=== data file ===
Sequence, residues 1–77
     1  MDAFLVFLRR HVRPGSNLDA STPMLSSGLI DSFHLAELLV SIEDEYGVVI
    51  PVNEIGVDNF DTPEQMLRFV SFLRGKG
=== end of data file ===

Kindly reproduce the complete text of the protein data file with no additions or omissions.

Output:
Sequence, residues 1–77
     1  MDAFLVFLRR HVRPGSNLDA STPMLSSGLI DSFHLAELLV SIEDEYGVVI
    51  PVNEIGVDNF DTPEQMLRFV SFLRGKG